1. Because there is power in the words we use.

Language is important. When we talk, for instance, about the Academy Awards and there is a best actor and a best actress, we know which is the more important award, because the words themselves tell us that “actress” is the diminutive form of “actor.” But if we were to call them the “best female actor” and “best male actor” there is at least the opportunity to see them as equally valuable. An actor is simply one who acts, regardless of sex or gender; and designating separate awards for a female and a male simply recognizes that each brings something slightly different to the endeavor. When we allow the term “feminism” to be marginalized, to be made to seem as though it only represents a small, radical group, then we can also marginalize the very real problems faced uniquely by women. Claiming the title for oneself, therefore, constitutes a small, but important act of affirmation that those problems are real and in need of resolution.

I am a humanist. I am an ally. I am a feminist. Each describes some different aspect of who I am in the world. Being one does not preclude my being another. I am a feminist because the culture is masculinist. I will be a feminist until it is possible to be both in equal measure.

5. Because it’s personal.

I have had a mother and grandmothers. I have had wives and daughters and sisters and nieces. I love some amazing women. And I know that statistically far more of them than I am aware have been raped, abused, and harassed. All of them have suffered some kind of discrimination because they are women. I have seen the impact of these things in the women whose stories I know. I know that the pain this causes me is not even close to what it has caused them. I also have a brand new granddaughter and I want to see the systemic sexism and misogyny of our culture end, so that being a woman is no longer a disability or a danger.

‘Tis the Season

In PeaceAble on November 27, 2015 at 12:12 pm

Yesterday I went out for a Thanksgiving dinner to a very nice restaurant (there were a great many open, but this was the only one that said a cancelled reservation would allow them to seat our party of three), where every table was filled with happy patrons, and an excellent chef and kitchen staff prepared some wonderful food, a delightful waitstaff brought out our meals quickly and pleasantly, the service staff kept tables cleared and dishes clean, and the managers oversaw everything with efficiency, good humor, and a warm and welcoming attitude.

On our way, we stopped to fill up the gas tank; and passed doughnut shops where we might have gotten coffee, and convenience stores where we might have picked up a few things for later.  In an emergency, we knew that we could count on emergency services, hospitals, police, or firefighters to be available.  We briefly considered whether we might forego the big dinner and just get a pizza; but were a bit disappointed to find no pizza places open.

We also passed places where some people less selfish than ourselves were providing Thanksgiving dinner for the homeless or impoverished, or for those who would otherwise be alone and without family or friends to share a meal.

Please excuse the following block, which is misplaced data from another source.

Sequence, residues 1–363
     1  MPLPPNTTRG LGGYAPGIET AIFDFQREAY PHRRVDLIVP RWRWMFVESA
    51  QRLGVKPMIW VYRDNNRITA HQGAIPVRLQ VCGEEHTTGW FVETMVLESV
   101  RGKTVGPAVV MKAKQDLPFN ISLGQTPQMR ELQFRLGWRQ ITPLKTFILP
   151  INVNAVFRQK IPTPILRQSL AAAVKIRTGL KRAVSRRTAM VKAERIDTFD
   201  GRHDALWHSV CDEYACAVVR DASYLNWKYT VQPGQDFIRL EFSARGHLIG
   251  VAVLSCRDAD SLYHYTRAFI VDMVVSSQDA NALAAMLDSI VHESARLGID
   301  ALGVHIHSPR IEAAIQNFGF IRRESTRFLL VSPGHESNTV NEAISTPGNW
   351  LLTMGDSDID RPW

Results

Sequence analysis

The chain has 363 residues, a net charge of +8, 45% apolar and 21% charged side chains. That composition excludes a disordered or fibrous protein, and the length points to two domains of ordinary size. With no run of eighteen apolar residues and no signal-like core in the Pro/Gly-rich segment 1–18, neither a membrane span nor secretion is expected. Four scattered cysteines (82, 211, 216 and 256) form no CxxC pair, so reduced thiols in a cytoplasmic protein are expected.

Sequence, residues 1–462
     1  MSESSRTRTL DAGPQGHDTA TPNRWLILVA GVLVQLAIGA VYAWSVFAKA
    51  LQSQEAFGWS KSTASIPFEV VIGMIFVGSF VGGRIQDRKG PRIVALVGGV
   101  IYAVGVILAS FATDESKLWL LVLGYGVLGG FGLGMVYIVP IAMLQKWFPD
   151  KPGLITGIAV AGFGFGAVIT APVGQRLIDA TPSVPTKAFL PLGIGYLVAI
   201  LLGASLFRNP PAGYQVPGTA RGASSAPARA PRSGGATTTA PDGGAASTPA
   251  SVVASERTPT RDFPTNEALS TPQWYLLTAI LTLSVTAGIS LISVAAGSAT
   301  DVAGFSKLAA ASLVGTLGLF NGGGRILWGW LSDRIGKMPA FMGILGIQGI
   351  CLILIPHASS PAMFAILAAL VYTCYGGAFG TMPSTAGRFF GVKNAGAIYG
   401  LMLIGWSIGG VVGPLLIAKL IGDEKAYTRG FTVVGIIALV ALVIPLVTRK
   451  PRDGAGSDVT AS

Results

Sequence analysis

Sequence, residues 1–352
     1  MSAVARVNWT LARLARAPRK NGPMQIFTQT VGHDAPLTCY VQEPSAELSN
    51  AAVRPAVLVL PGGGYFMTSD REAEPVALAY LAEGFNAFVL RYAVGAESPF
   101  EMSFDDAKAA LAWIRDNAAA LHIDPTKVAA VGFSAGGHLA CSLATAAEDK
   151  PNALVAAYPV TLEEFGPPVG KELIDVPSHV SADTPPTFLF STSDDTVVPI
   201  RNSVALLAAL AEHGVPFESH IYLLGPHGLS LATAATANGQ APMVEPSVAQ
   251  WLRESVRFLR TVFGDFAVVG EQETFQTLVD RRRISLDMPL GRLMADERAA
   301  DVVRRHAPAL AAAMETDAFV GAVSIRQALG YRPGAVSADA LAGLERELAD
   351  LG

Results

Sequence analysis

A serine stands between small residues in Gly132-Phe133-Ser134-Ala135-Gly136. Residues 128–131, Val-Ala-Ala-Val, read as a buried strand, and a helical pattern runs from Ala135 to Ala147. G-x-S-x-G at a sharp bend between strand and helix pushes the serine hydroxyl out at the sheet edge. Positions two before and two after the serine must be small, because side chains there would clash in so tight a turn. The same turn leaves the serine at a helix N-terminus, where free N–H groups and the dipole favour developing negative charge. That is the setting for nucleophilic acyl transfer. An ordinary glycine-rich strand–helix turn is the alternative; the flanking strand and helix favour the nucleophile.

And I wondered why there is always so much controversy about which big box stores would be open that afternoon to start their Christmas season sales. Why do so many people care if WalMart is open, but simply expect to be able to find places to get gasoline or some last minute items for their own celebrations? Why do they worry that some people might have to work, but simply expect that others will? How do they sit down to all the things they say they are grateful for, but not understand that having a day off may mean for others that they don’t get a day’s wages or a bit of overtime pay, and that may make the difference in whether they make the bills this month; and others may want to work so that they don’t sit home alone wondering what to do with themselves? Why do they not see that such complaints are privileged, first world problems; that forcing big box stores to close would not do very much to solve the real problems that other people face? Why do we all take so much for granted on a day when we are proclaiming our gratitude?

Is it simply because if we don’t need or want something then we assume that it is unnecessary for everyone? Is it because we assume that if we don’t desire something, or dislike it, then that feeling must be universal, or at least the norm? Do we assume that if we have something, like a loving family and plenty of food, and we value those things, that we can speak from our position of privilege for the needs of everyone else? Or is it even more selfish than that? Are we afraid, perhaps, that we will miss out on something? Someone else will get the really big deal, save some money on something we might have to spend more for later if they go to the stores and we don’t. Someone else will beat us to the punch somehow. Are we afraid that if the stores are open we might somehow be unable to resist their siren song?